The complaint not only alleges that Bustamante and Epperson ignored Malott’s plea for urgent medical care, but they engaged in activities “akin to kicking away crutches to see if they fall down.”
The activities reportedly included, but were not limited to, administering a pain compliance technique called a “sternum rub,” which is when officers use a small pointed stick called a Kubotan to apply pressure to the chest.
“Bustamante used the object against Malott’s sternum a second time, pushing even harder and more forcefully for another 10 to 25 seconds, causing great pain and bruising,” the complaint reads.
Finally, after reportedly ascertaining that Malott was possibly experiencing a real medical event, the officers called an ambulance and Malott was admitted to a hospital for overnight monitoring before being released the next day, the lawsuit states. After reporting the injuries he allegedly received to the medical staff, still photos and video documentation of those injuries were taken.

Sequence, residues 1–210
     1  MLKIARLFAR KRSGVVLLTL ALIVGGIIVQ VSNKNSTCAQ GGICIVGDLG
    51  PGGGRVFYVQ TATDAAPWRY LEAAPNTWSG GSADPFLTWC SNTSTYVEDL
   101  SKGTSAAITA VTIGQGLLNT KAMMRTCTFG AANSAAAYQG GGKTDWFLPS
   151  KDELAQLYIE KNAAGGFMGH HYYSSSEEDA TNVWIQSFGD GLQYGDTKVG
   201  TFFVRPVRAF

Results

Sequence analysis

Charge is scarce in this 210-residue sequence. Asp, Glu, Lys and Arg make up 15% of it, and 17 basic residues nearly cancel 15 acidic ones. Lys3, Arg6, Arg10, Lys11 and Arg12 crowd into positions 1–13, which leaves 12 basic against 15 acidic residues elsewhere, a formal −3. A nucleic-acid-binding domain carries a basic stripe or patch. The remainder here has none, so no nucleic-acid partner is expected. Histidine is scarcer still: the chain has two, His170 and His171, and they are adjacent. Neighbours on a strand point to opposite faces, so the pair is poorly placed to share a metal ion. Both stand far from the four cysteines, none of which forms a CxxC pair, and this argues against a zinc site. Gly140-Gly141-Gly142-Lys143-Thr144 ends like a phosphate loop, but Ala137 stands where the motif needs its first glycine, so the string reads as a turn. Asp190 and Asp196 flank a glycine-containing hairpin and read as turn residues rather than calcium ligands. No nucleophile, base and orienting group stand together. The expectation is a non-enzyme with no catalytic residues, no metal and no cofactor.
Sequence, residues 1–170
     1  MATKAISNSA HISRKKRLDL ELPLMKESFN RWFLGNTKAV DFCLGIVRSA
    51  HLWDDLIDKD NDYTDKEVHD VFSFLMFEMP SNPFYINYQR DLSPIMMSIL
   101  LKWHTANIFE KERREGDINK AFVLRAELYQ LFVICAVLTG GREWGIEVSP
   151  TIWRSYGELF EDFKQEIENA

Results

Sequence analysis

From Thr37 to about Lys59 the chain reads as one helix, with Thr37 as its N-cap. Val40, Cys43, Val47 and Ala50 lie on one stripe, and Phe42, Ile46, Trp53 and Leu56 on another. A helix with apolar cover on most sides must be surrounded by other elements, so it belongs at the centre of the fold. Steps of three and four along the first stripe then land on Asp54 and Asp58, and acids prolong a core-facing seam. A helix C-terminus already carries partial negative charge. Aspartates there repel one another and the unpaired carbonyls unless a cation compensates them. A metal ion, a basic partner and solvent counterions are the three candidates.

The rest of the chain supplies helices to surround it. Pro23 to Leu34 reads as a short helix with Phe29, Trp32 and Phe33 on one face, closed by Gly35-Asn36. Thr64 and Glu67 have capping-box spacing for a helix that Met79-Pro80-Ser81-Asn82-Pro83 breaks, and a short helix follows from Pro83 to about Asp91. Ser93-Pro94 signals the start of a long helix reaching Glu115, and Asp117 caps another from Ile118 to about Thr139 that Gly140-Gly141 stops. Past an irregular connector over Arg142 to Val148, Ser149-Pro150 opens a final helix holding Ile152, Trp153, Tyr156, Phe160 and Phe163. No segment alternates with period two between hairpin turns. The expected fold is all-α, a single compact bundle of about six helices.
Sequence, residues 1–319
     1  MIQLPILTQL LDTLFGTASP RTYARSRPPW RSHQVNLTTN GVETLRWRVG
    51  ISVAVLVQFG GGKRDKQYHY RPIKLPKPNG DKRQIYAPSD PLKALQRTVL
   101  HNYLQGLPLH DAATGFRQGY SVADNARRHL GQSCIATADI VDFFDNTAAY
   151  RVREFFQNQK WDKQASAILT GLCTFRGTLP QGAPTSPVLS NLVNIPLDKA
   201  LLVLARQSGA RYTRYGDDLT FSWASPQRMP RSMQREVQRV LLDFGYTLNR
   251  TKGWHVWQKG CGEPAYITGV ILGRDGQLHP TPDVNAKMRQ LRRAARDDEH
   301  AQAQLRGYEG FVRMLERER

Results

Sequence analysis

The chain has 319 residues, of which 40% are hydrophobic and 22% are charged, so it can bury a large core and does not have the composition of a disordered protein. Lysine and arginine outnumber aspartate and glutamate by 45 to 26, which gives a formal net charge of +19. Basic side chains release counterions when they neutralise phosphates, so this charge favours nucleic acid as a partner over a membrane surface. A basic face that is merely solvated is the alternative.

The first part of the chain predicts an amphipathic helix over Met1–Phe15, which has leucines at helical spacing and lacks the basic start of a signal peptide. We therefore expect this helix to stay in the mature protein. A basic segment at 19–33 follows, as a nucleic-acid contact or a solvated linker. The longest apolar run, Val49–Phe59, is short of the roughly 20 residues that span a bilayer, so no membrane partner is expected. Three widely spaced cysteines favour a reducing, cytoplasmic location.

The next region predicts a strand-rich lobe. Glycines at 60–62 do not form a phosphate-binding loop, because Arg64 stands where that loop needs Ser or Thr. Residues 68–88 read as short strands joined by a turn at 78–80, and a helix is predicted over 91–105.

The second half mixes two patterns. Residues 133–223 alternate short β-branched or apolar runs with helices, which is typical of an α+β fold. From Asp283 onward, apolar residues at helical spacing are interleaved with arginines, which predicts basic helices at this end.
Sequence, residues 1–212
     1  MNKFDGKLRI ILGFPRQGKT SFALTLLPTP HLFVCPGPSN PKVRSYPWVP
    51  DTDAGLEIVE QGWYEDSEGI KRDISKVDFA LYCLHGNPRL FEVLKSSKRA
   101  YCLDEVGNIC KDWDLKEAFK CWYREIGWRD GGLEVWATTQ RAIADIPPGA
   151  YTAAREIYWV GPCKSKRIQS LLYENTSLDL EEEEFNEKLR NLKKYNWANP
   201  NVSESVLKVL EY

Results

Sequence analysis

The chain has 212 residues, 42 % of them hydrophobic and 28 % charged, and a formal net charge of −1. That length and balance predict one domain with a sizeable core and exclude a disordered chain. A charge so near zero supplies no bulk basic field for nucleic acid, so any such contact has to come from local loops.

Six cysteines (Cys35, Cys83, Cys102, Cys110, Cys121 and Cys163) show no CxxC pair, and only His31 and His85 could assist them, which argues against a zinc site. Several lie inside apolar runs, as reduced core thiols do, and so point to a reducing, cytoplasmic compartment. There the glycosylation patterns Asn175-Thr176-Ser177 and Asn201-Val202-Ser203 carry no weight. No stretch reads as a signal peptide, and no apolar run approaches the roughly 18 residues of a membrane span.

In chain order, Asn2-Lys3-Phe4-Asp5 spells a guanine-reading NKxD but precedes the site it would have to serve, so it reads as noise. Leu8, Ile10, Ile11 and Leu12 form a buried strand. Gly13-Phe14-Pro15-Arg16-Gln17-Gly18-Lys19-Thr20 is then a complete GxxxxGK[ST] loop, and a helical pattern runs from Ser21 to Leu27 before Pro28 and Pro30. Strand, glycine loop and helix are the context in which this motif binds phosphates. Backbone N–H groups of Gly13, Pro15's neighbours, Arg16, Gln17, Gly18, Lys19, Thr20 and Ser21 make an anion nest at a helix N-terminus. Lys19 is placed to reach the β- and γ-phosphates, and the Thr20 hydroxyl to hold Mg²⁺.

Had the story ended here, it would have been “routine, sort of, in its own way,” Katz said. “But this is where it becomes odd.”
During Malott’s arrest, Bustamante and Epperson removed a red hardcover book labeled “Daily Reminder Standard Diary” and began rifling through it, the complaint alleges.
The deputies allegedly handed the diary off to two Sacramento County Sheriff’s detectives, Matt Hardcastle and Michelle Hendricks.
Malott claims the diary has nothing in it that would indicate criminal conduct, but instead are typical diary entries filled with ruminations and descriptions of day-to-day activities.
However, Hendricks and Hardcastle allegedly began to call associates of Malott’s listed in the diary, including an ex-girlfriend and a longtime friend, and made gross mischaracterizations of the contents of the diary to those contacted.